Alexey Eisner

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Alexey Eisner (Russian: Алексе́й Влади́мирович Э́йснер; IPA: [ɐlʲɪkˈsʲej vlɐˈdʲimʲɪrəvʲɪtɕ ˈejsʲnʲɪr]; 5 October 1905 in St. Petersburg – 30 November 1984 in Moscow), was a Russian poet, translator and writer.

Biography[edit]

After the October Revolution of 1917, his stepfather brought the young Eisner to the Princes' Islands. Thus began a life in exile. Eisner graduated from the Grand Duke Constantine Constantinovich Russian Cadets Corps in Sarajevo.

He remained in Europe where he made a living washing windows and working at construction sites. He started writing poetry and met with many famous Russian émigrés such as Georgy Adamovich, Marina Tsvetaeva and her husband Sergei Efron.

His poem "Looming Autumn, Yellow Bushes ..." was published in 1932 and became a textbook and was very popular in literary émigré circles. The line "Man begins with grief ..." from this poem is often cited.

Eisner joined the literary association of Russian émigrés in Prague. In the late 1920s, he sought to return to the Soviet Union and in 1934 he joined the "Homecoming Union".

In 1936, he joined the XII International Brigade which fought on the side of the Republicans during the Spanish Civil War. He was an adjutant to Máté Zalka, the Hungarian writer who served as a general under the name of Lukács (General Lukács). At the end of the Civil War, he reportedly ran into Ernest Hemingway who wrote him a blank cheque that Hemingway ensured him he could draw upon should he choose to visit Hemingway in the United States.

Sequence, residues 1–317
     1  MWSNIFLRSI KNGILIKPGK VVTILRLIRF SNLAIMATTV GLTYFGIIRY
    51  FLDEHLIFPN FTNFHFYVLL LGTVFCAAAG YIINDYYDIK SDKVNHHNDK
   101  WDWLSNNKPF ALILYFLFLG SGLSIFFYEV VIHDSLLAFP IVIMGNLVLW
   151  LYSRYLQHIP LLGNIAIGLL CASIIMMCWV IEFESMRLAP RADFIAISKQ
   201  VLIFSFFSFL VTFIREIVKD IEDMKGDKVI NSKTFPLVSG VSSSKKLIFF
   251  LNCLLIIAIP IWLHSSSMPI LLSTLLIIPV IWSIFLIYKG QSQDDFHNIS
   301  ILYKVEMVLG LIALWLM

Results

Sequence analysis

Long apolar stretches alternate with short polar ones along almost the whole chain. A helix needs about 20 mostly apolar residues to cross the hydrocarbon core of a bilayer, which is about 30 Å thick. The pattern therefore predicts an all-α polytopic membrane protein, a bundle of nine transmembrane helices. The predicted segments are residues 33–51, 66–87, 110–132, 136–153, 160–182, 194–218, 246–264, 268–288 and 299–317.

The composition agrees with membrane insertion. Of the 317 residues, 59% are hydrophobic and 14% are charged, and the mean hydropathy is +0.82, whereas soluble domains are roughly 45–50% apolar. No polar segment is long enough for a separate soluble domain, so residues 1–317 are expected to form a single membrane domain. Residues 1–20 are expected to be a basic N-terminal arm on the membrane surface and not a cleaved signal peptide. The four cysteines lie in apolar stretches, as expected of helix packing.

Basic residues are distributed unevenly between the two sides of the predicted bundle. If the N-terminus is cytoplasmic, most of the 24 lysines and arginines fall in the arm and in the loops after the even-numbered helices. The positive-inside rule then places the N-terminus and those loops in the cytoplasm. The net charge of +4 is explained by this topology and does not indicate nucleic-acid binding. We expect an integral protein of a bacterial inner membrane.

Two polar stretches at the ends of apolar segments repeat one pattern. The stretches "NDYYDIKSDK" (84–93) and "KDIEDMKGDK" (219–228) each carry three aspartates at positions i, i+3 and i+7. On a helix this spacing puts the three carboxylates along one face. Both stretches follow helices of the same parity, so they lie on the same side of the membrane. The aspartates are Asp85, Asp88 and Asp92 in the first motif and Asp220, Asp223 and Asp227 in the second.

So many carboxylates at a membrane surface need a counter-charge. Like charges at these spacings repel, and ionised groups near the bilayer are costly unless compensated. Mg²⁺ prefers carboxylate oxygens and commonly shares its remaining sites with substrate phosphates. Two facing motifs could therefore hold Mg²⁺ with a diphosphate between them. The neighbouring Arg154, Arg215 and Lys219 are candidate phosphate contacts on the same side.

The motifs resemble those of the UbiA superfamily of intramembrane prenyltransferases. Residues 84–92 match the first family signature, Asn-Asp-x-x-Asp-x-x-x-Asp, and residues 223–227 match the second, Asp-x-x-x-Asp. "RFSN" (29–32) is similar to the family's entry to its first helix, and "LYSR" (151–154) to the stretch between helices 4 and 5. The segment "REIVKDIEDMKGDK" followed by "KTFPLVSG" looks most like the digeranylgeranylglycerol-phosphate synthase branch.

Eisner returned to the Soviet Union in January 1940 without cashing the cheque. Four months later, his was searched by the secret police, who found the blank cheque signed by Ernest Hemingway. He was arrested and sentenced under Article 58 of the Criminal Code of the USSR to 8 years of hard labour in the Vorkuta camp. After completion of this period he was sent for "perpetual exile" to the Karaganda region in Kazakhstan.

In 1956 he was rehabilitated and was permitted to return to Moscow where he was active as a translator and journalist. He wrote several books and published memoirs on General Lukács, Haji Mamsurov (who fought in Spain under the name of Colonel Xanthi), Ilya Ehrenburg and Ernest Hemingway.

Footnotes[edit]

Works[edit]

Poems[edit]

  • A person begins with sorrow: poems in different years / Comp. and Afterword. E. Witkowski. – M.: Aquarius Publishers, 2005. – 72. (Little Silver Age.)
  • Idem. 2 nd ed., Corr. – M.: Aquarius Publishers, 2005.
  • In anthology: "Skeet." Prague 1922–1940: An Anthology. Biography. Documents / join. Art., gen. Ed. LN Beloshevskii; status., Biographies LN Beloshevskii, VP Nechaev. – Moscow: Russian Way, 2006. – 768.
  • In anthology: Poets of Prague "Skete. Poetical works / Comp., Jg. Art., comments. OM Malevich. – SPb, OOO "Publishing" Rostock "," 2005. – 544. (Unknown 20th century.)

Collections[edit]

  • My Sister Bulgaria. Essays. – Moscow: Soviet Writer, 1963. – 215.
  • A person with three names. The story of Mate Zalka. – M.: Politizdat, 1986. – 335. (Ardent revolutionaries)
  • The Twelfth International. Stories. – Moscow: Soviet Writer, 1990. – 640.